“Our ideal cow is 50% Jersey and 50% Holstein. From working with pigs for years, we transferred our knowledge of how we breed our sows.”

“For us, the F1 was the most desirable, it provided hybrid vigour and a suitable size.”

“For our cows, the F1 provided the best of both words – it was a good size with a good mix of volume and solids and had fantastic benefits in terms of health, fertility and hardiness.”

They contract rear their first 200 calves as this eases stress on their team. Calves must remain on-farm for a fortnight before they can be transported. They rear the rest of the calves until weaning and either retain a group or sell.

One-of-a-kind enterprise

In 2019, they installed a 60-unit Centrus Composite Rotary, which is believed to be Waikato’s first rotary in Germany. 

The parlour is fitted with a backing gate, automatic drafting, a veterinary platform and ACRs. “We’ve found it brilliant, very robust and another huge labour saver on the farm especially around busy seasons such as calving and breeding.”

“We bought something different to the table We used the system to work for us and turned something like grassland, that would usually, be just set aside and deemed useless, into something very special here.”

“It makes me feel so proud to be Irish as the locals and consumers are really fascinated by how we farm – they weren’t used to seeing a cow outside, let alone 900 of them.”

“Grazing was an idyllic thing you saw on the side of a carton whereas now they can see it in real life, which is astonishing to someone used to seeing it.”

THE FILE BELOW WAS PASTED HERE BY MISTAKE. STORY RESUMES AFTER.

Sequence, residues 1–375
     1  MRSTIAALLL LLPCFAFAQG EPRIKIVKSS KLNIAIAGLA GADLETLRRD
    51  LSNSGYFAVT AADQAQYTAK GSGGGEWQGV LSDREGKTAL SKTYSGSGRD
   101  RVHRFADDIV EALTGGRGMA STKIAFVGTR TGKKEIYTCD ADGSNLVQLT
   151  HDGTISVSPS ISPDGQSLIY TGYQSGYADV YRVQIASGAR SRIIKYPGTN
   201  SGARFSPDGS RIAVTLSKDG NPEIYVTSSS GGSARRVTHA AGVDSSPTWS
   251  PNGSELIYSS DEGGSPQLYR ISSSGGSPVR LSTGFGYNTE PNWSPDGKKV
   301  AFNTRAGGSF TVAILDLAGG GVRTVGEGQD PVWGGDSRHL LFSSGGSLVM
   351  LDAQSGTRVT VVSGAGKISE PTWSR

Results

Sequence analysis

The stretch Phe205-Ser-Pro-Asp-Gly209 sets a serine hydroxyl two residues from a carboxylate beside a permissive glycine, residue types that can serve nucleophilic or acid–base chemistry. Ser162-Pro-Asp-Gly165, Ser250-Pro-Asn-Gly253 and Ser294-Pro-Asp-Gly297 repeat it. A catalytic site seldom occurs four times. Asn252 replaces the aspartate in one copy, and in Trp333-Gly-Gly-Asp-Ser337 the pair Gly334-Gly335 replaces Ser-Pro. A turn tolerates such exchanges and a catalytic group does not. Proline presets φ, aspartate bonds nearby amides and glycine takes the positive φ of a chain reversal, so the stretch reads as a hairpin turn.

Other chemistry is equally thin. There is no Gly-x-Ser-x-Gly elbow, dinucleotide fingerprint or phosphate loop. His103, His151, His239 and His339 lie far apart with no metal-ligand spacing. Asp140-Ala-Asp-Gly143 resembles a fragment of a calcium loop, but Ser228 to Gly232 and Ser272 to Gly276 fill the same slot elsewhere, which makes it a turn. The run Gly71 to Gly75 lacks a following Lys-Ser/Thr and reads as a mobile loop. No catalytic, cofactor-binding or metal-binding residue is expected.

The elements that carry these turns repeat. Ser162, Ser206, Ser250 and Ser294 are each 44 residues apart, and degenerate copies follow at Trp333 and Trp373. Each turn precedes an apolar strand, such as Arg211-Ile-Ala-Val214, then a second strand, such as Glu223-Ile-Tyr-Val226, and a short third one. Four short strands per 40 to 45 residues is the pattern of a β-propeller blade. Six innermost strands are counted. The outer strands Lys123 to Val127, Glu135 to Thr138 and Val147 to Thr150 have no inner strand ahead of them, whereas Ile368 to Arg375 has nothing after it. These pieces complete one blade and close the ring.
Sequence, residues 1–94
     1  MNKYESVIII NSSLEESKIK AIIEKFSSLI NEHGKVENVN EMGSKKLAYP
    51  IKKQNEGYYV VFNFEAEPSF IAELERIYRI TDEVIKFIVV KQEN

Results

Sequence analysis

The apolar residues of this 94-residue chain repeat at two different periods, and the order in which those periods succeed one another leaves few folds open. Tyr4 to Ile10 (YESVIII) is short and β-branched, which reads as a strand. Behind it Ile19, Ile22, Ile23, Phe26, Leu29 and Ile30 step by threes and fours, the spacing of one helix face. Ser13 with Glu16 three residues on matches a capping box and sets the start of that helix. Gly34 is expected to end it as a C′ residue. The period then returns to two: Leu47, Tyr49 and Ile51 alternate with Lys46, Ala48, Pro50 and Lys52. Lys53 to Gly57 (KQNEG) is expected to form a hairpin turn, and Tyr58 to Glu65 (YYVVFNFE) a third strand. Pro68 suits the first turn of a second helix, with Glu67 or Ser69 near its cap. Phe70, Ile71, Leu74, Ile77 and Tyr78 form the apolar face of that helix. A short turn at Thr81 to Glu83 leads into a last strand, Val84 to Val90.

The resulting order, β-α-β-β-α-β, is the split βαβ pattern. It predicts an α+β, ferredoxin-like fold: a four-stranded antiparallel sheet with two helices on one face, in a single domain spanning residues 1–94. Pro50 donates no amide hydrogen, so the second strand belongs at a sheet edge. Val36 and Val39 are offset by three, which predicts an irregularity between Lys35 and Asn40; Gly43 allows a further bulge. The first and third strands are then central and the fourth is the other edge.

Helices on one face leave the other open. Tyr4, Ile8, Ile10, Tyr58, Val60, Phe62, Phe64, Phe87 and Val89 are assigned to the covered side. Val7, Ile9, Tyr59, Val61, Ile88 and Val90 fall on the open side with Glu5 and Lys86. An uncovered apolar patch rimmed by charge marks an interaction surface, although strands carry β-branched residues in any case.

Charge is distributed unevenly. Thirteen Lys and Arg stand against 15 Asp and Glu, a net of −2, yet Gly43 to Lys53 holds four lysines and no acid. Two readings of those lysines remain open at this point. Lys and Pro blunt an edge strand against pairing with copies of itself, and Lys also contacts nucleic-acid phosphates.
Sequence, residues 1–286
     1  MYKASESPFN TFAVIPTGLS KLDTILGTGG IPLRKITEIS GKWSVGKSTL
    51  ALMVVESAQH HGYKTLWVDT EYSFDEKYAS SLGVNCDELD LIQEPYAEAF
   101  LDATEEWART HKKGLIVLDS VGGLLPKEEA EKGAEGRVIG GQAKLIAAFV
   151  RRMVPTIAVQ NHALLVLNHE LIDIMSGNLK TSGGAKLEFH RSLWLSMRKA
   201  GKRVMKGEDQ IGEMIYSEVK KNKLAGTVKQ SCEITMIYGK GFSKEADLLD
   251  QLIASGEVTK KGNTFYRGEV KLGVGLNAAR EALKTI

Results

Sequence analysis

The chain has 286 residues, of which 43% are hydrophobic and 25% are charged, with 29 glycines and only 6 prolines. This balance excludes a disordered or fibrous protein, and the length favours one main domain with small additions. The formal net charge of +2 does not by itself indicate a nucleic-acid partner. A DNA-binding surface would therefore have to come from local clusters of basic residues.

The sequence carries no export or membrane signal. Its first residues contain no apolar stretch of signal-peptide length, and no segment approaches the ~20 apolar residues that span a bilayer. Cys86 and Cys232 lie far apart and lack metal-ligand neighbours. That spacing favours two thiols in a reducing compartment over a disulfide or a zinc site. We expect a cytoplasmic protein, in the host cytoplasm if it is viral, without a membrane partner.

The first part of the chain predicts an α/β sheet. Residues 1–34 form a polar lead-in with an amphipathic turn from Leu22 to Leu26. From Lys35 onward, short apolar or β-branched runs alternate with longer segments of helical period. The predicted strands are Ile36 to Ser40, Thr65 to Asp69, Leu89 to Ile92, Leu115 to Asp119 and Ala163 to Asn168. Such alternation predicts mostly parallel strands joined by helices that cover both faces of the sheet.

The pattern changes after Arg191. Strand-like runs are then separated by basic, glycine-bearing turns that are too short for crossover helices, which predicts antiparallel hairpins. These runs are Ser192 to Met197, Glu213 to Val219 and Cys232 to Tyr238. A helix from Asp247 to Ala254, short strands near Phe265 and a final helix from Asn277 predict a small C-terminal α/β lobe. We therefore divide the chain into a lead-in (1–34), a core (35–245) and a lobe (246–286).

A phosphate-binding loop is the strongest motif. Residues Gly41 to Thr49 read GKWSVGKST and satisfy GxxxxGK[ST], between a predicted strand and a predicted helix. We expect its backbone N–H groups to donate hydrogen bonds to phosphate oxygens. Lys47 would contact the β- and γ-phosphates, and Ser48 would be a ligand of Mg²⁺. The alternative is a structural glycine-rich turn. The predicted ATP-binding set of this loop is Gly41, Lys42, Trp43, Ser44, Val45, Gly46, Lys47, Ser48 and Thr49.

Similarities and differences 

Vicky explained the similarities and differences between Irish and German dairy farms, drawing specific reference to cow-types, land use and attitudes.

“Cows are housed pretty much all-year-round on a typical German farm. Jersey or Jersey cross cows are pretty much unheard of in our area.”

“Land, although poorer quality, but you can make up for that in scale because renting land is very economical – especially grassland as its generally set aside.”

“Traditionally, land was only used for tillage as cows were indoors, so anywhere that the tractor couldn’t drive due to it being too wet, was set aside but was perfect for growing grass.”

“I find the attitude towards farming in both countries is quite similar – questions facing farmers such as environmental aspects and animal welfare. Labour is always a big question too!”

Vicky said the most challenging aspect was trying to prove that the system would work. “Every single thing was a challenge.”

“From being told we could never grow enough grass, to block breeding and calving wouldn’t work, but thankfully, it all worked out and everyone is loving the system.”

“In terms of the Covid-19 pandemic, farming had to continue as normal, that was a given the supermarket shelves weren’t going to fill themselves.”

“Neither myself nor Paul (farm owner) were able to travel over to Germany, especially during key times such as breeding. I would like to thank Kevin and our team throughout the pandemic for all their hard work.” 

“We usually bring over several students from UCD’s agricultural programmes and theses were all put a stop to which was a shame because they are always a great help during stressful times,” she added. 


Looking ahead, the current dairy enterprise is nearly at capacity, so they hope that an opportunity will arise to expand into other farms, with a view to bringing young people into share farming models.

“I feel that farmers need to take a much more active role in involving young people into farming enterprises. We are all aware of the issues with labour and that may only get worse in the future.”

“I also think farmers need to highlight all of the good things that they are doing.”

“Pasture farming and all the products that come with it really are value-added and that should be recognised by everyone,” Vicky concluded.